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Introduction

Air pollution is a major problem that has been recognised throughout the world for hundreds of years. In the Middle Ages, the burning of coal in cities released increasing amounts of smoke and sulphur dioxide to the atmosphere. In the late 18th century, the Industrial Revolution, beginning in the UK, led to escalation in pollutant emissions based around the use of coal by both homes and industry. Pollutant emissions continued to grow through the 19th and early 20th centuries, and the dramatic smog episodes known as pea-soupers became common place in many of Britain's inner cities. In addition, sulphur and nitrogen emissions were causing "acid rain" (or acid deposition), damaging buildings, forests and freshwater environments. After the infamous London Smog of 1952, pollution from industries and homes was dramatically reduced in an attempt to protect health.

In more recent times pollution from motor vehicles has become the most recognised air quality issue. Present pollution monitoring is revealing that if we do not think and act cautiously then vehicle pollution could seriously damage the environment in which we live and render it unfit for generations to come. The number of cars on Britain's roads is constantly increasing and a speed up in technological development is required to try and combat the pollution problem. The introduction of the catalytic converter reduced pollution significantly, but much more needs to be done to preserve the environment for the future. Research into alternative fuels is constantly ongoing, but they need to be available at a price everyone can afford. People need to be encouraged to use public transport or share cars whenever possible so only the minimum amount of pollution is created. A balanced solution integrating all methods of pollution reduction could help reduce emissions to a minimum.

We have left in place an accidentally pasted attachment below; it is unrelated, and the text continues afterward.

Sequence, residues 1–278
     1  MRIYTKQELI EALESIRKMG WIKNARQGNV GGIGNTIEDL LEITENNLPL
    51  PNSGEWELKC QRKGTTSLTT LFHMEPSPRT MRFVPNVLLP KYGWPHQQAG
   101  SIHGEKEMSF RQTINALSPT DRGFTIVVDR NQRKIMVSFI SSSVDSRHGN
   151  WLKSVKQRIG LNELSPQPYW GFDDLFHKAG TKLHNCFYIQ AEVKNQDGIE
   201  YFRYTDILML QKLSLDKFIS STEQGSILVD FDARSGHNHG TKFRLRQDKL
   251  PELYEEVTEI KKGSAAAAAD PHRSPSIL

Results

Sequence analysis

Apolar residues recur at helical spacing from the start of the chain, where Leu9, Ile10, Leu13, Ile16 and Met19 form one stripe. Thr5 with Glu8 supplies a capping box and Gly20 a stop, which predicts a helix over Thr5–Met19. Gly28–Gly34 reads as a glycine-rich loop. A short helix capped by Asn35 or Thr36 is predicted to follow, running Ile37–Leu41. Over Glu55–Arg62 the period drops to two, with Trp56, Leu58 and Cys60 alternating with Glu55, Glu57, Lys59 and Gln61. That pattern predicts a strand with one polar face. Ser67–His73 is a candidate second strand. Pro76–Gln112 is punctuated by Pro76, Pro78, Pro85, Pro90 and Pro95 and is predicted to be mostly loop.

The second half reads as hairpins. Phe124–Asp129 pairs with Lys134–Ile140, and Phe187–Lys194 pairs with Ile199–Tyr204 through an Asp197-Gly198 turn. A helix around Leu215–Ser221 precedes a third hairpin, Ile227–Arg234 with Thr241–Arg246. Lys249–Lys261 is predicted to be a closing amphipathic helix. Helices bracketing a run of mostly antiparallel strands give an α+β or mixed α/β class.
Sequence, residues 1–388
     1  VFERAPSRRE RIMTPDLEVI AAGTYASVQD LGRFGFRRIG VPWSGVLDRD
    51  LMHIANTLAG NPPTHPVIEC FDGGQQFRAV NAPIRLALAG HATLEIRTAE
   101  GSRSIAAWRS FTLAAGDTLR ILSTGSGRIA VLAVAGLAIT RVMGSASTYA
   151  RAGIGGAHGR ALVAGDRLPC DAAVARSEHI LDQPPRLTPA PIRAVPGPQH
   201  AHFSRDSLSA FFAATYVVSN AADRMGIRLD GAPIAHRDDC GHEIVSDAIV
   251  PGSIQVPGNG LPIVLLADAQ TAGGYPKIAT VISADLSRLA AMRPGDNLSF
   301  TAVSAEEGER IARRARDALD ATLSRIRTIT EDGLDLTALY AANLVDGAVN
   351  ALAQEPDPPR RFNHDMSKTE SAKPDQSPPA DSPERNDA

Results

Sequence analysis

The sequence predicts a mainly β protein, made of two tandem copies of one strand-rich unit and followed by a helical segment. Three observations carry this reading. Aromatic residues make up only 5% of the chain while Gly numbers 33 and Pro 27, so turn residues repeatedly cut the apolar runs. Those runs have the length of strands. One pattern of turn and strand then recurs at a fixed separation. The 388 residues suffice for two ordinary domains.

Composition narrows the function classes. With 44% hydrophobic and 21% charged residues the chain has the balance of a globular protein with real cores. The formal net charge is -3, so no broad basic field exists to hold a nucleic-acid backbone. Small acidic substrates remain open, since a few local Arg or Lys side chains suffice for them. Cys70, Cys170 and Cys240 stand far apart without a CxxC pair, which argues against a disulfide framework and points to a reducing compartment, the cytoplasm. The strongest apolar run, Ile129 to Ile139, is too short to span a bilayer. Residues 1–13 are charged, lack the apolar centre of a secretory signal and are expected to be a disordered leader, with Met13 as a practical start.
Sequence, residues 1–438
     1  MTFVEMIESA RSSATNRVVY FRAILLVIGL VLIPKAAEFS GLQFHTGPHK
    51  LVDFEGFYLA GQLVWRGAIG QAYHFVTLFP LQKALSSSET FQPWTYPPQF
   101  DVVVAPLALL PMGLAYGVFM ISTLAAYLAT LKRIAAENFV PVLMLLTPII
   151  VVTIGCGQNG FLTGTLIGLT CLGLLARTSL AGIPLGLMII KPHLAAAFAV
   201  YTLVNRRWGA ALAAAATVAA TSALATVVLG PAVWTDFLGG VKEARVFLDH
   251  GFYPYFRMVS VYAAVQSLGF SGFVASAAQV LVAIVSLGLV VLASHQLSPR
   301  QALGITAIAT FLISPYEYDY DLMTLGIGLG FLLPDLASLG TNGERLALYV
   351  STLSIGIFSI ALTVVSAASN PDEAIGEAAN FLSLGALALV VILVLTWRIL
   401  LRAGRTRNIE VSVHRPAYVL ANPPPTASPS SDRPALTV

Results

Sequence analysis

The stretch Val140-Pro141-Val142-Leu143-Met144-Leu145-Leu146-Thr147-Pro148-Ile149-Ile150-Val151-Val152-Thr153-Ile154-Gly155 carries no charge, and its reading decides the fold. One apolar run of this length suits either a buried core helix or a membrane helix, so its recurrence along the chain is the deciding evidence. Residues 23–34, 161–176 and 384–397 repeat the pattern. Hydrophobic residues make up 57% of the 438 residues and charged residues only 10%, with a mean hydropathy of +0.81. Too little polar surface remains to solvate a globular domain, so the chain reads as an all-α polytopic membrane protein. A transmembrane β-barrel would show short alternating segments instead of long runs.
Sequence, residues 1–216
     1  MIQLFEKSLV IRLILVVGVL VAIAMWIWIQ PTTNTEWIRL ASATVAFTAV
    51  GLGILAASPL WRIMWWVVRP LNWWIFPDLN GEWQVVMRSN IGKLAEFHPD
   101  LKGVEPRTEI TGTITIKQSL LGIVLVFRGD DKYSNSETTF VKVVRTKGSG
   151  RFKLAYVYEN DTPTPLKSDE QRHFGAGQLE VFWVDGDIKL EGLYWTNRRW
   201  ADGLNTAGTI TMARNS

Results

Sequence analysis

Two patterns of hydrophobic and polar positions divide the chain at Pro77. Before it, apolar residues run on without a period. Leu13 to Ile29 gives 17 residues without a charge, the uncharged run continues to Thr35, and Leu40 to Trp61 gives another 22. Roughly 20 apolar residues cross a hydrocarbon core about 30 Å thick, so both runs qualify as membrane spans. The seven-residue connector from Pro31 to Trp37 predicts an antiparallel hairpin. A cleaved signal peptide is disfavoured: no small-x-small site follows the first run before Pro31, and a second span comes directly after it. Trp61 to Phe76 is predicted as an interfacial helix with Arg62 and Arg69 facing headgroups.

Air pollution and acid rain have negative effects on the environment in which we live. Air pollution from transport includes emissions of carbon monoxide, particulates, nitrogen oxide and hydrocarbons. Between 1980 and 1990 vehicle ownership in the UK increased by over one quarter. To compliment this vehicle usage increased by 50% during this time. If the use of the private vehicle continues to rise at this rate then impacts on wildlife, health and the general environment are likely to increase. Furthermore, acid rain is a transboundary pollution problem as emissions produced by one country can be deposited in another.

The UK National Air Quality Strategy (March 1997 and January 2000) was published in response to the Environment Act of 1995, with commitments to achieve new air quality objectives throughout the UK by 2005. The strategy aims to address areas of poor and declining air quality, to reduce any significant risk to health and to achieve the wider objectives of sustainable development in relation to air quality in the UK. Sustainable development is development today that does not compromise the development needs of future generations. In practical terms, this means using resources, particularly fossil-fuel-derived energy, more efficiently, re-using and recycling products where possible, and developing renewable forms of energy which are inexhaustible and do not pollute the atmosphere. Sustainability will impact upon the energy, transport and waste management sectors; the challenge facing society today and in the future is to manage the transition from unsustainable to sustainable practices in these areas in a manner that does not adversely affect human welfare and standards of living.